# LGtk/ADT lenses

### From HaskellWiki

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Lenses provide uniform and compositional way to view and edit data structures. |
Lenses provide uniform and compositional way to view and edit data structures. |
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− | For example, one can view and edit pairs with <hask>fstLens</hask> and <hask>sndLens</hask>. These two lenses form a complete toolbox for editing pairs in the sense that given pairs <hask>p :: (a, b)</hask> and <hask>q :: (a, b)</hask>, by succesive get and set operations <hask>p</hask> can be changed to be equivalent to <hask>q</hask>: |
+ | For example, one can view and edit pairs with <hask>fstLens</hask> and <hask>sndLens</hask>. These two lenses form a toolbox for editing pairs in the sense that given pairs <hask>p :: (a, b)</hask> and <hask>q :: (a, b)</hask>, by succesive get and set operations <hask>p</hask> can be changed to be equivalent to <hask>q</hask>: |

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− | Similarly, there is a complete toolbox of lenses for records which toolbox contains one lens for each record field. |
+ | Similarly, there is a toolbox of lenses for records which toolbox contains one lens for each record field. |

Are there a toolbox of lenses for algebraic data types with multiple constructors? |
Are there a toolbox of lenses for algebraic data types with multiple constructors? |

## Revision as of 21:20, 7 June 2013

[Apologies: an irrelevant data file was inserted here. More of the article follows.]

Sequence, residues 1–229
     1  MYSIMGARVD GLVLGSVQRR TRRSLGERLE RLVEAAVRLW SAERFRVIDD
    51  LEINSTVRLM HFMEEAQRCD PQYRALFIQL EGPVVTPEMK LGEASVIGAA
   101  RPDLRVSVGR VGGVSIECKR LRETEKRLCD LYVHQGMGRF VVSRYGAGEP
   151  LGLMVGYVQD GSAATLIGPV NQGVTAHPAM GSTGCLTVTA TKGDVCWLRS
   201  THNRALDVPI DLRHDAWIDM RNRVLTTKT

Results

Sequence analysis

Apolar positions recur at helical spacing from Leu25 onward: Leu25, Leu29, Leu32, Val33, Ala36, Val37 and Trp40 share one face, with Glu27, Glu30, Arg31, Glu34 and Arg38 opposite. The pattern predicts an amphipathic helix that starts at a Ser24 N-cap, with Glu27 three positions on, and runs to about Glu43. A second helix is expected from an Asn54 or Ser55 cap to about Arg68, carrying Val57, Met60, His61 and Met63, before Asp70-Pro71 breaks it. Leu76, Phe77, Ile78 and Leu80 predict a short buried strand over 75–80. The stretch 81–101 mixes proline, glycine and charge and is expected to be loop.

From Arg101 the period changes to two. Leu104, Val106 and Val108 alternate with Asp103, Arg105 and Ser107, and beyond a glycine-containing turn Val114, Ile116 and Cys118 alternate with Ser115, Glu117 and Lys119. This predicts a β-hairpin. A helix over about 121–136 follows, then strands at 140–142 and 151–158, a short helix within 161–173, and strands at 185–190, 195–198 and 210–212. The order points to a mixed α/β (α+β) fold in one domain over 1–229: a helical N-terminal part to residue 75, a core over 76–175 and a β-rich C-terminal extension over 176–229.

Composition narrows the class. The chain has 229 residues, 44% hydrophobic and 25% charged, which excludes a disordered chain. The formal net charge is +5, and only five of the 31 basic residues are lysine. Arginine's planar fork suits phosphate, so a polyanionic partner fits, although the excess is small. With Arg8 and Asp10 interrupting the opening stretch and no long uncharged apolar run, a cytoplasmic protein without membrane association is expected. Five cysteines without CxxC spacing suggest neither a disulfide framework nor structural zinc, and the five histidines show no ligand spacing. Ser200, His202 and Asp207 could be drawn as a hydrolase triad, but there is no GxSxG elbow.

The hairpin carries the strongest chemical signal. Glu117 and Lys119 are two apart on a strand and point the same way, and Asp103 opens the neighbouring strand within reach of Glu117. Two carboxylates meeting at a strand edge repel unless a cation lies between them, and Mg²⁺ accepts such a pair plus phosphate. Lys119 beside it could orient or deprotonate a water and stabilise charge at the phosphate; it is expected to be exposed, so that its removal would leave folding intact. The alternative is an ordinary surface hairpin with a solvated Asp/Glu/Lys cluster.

## Contents |

## 1 Problem description

Lenses provide uniform and compositional way to view and edit data structures.

For example, one can view and edit pairs withq == setL fstLens (getL fstLens q) (setL sndLens (getL sndLens q) p)

Similarly, there is a toolbox of lenses for records which toolbox contains one lens for each record field.

Are there a toolbox of lenses for algebraic data types with multiple constructors?

## 2 Existing solutions

### 2.1 Partial lenses

The data-lens library provides partial lenses which are isomorphic to

type PartialLens a b = (a -> Maybe b, a -> Maybe (b -> a))

The flollowing partial lenses are defined for lists:

headLens :: PartialLens [a] a headLens = (get, set) where get [] = Nothing get (h:t) = Just h set [] = Nothing set (h:t) = Just (:t)

tailLens :: PartialLens [a] [a] tailLens = (get, set) where get [] = Nothing get (h:t) = Just t set [] = Nothing set (h:t) = Just (h:)

### 2.2 Other solutions

Please help to extend the list of known solutions.

## 3 ADT lenses

The proposed solution, summarized:

**Use one lens for each ADT type, with reversed direction.**

### 3.1 Example: List lens

The ADT lens for lists:

import Data.Lens.Common

listLens :: Lens (Bool, (a, [a])) [a] listLens = lens get set where get (False, _) = [] get (True, (l, r)) = l: r set [] (_, x) = (False, x) set (l: r) _ = (True, (l, r))

### 3.2 Usage

Suppose that we have a statetype S = (Bool, (Int, [Int]))

We can edit the list with the following lenses:

- With the top level constructor of the list can be viewed and edited:fstLens :: Lens S Boolcorresponds toFalseand[]corresponds toTrue.(:)
- With the first element of the list can be viewed and edited. Note that if the top level constructor of the list isheadLens = fstLens . sndLens :: Lens S Int, the first element can still be edited; the change will only be visible through[]when the constructor is changed back tolistLens. (This may seem to be odd, but for certain applications this is the right behaviour.)(:)
- With the tail of the list can be viewed and edited.tailLens = sndLens . sndLens :: Lens S Int

## 4 Links and references

I have not seen this technique described before. Please help to extend the list of papers / blog entries, where this or similar technique is used.

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